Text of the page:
(OCD) Obsessive Compulsive Disorder Treatment in NYC

Dr. Saidi OCD Obsessive Compulsive Disorder

Obsessive Compulsive Disorder Treament

Family and genetic studies have shown significant associations between obsessive-compulsive disorder (OCD) and other psychiatric disorders such as generalized anxiety disorder, panic disorder, depression, hypochondriasis, body dysmorphic disorder, trichotillomania, obsessive-compulsive personality disorder, and avoidant personality disorder. Therefore if you are seeking treatment for OCD it is important for your psychiatrist to screen for these other disorders as they may affect the treatment efficacy. This is even more true since OCD per se can be challenging to treat and remission rates are low despite the introduction of several new evidenced-based treatments over the past two decades.

The current state of art for OCD treatment includes one or more of the following: psychotherapy, behavioral therapy, medications, and neurosurgery. In this section I will focus on the pharmacotherapy of OCD. First-line treatments are serotonin reuptake inhibitors such as clomipramine (Anafranil), venlafaxine (Effexor), duloxetine (Cymbalta), escitalopram (Lexapro), and others in the same class. Several medications from other classes have also shown some efficacy as stand-alone or add-on treatments: Monoamine oxidase inhibitors (MAOI) such as phenelzine (Nardil) seem particularly helpful for OCD patients who also have panic attacks. Newer antipsychotic agents may be of help when combined with SRIs, including Risperdal, Seroquel, Geodon, Abilify

Smoking and Cessation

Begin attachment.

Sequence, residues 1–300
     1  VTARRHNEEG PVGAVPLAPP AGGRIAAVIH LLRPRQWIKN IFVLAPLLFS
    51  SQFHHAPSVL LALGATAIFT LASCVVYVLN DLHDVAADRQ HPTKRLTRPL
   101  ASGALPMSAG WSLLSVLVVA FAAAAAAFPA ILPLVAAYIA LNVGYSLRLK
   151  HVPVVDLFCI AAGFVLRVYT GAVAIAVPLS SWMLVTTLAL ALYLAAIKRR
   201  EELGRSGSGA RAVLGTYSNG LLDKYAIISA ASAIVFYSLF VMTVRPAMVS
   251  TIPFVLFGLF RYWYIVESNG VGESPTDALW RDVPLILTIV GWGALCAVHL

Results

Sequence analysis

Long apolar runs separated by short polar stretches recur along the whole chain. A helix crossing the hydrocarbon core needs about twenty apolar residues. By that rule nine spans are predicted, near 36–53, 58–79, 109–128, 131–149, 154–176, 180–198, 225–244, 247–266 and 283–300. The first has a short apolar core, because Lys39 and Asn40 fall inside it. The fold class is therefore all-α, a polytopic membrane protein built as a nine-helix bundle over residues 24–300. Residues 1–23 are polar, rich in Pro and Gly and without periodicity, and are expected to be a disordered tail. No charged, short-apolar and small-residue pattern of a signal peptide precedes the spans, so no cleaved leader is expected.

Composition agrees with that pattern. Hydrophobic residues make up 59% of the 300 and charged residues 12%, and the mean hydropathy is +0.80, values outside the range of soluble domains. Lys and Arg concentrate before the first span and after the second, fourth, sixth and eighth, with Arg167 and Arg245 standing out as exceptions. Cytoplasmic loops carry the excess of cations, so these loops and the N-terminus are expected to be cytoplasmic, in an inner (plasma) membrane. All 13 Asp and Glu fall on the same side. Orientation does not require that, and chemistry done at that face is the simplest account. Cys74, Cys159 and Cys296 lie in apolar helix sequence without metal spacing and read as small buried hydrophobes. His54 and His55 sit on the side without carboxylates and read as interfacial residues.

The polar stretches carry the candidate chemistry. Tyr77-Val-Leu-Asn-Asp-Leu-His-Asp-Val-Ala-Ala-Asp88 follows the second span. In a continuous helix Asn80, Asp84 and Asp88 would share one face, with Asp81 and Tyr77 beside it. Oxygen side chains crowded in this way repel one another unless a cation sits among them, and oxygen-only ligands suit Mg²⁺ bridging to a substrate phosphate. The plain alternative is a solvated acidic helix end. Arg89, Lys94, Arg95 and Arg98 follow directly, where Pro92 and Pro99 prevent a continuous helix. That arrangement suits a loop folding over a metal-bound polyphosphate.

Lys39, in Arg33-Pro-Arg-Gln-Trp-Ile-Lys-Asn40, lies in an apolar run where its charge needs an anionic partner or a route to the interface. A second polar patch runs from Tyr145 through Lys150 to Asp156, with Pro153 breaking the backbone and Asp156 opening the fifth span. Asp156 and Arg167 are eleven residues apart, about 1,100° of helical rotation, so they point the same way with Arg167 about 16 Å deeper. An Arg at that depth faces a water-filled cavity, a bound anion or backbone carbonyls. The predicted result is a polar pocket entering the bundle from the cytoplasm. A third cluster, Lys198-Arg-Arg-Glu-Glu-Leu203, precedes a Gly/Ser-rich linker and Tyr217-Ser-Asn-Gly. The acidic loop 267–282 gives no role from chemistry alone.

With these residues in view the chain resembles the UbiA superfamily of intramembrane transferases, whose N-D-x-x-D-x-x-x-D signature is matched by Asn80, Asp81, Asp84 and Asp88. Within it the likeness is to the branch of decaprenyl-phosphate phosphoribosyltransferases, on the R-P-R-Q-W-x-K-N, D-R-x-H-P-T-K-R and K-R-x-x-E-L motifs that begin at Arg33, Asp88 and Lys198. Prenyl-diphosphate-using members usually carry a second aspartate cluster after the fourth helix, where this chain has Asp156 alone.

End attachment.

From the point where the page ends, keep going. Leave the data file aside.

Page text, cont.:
Dr. Saidi Smoking Treatment

Smoking and Cessation: Non-nicotine Treatments

smoking-and-cessation
A recent scientific research looked at why smokers find it so hard to quit despite knowing the benefits of quitting and the dangers of continuing. It found that nicotine distorts the type of reward smokers seek; i.e., they become less concerned with the value of a non-drug reward or punishment (e.g. gaining or losing money) and more driven to assess the magnitude of the reward (i.e. the immediate relaxation and good feelings brought on by smoking). This may, in part, explain why using nicotine-based treatments such as gum or patch are not very successful.

Over the past few years several non-nicotine treatments have become available for treating nicotine dependence. Some of the more successful ones are listed below:

  1. Bupropion (Zyban): An antidepressant medication that has shown some efficacy in treating nicotine use whether there is any depression present or not. About 40% achieve abstinence at the end of treatment (about 12 weeks), but about 50% relapse in a year
  2. Nortriptyline: Another antidepressant that doubles the odds of long-term abstinence from nicotine.
  3. Varenicline (Chantix): It reduces withdrawal symptoms and doubles or triples the odds of quitting and staying abstinent.

References:

Rose EJ et al. Acute nicotine differentially impacts anticipatory valence- and magnitude-related striatal activity. Biol Psychiatry 2013 Feb 1; 73:280

Addy NA and Picciotto MR. Nicotine, striatum, and reward. Biol Psychiatry 2013 Feb 1; 73:205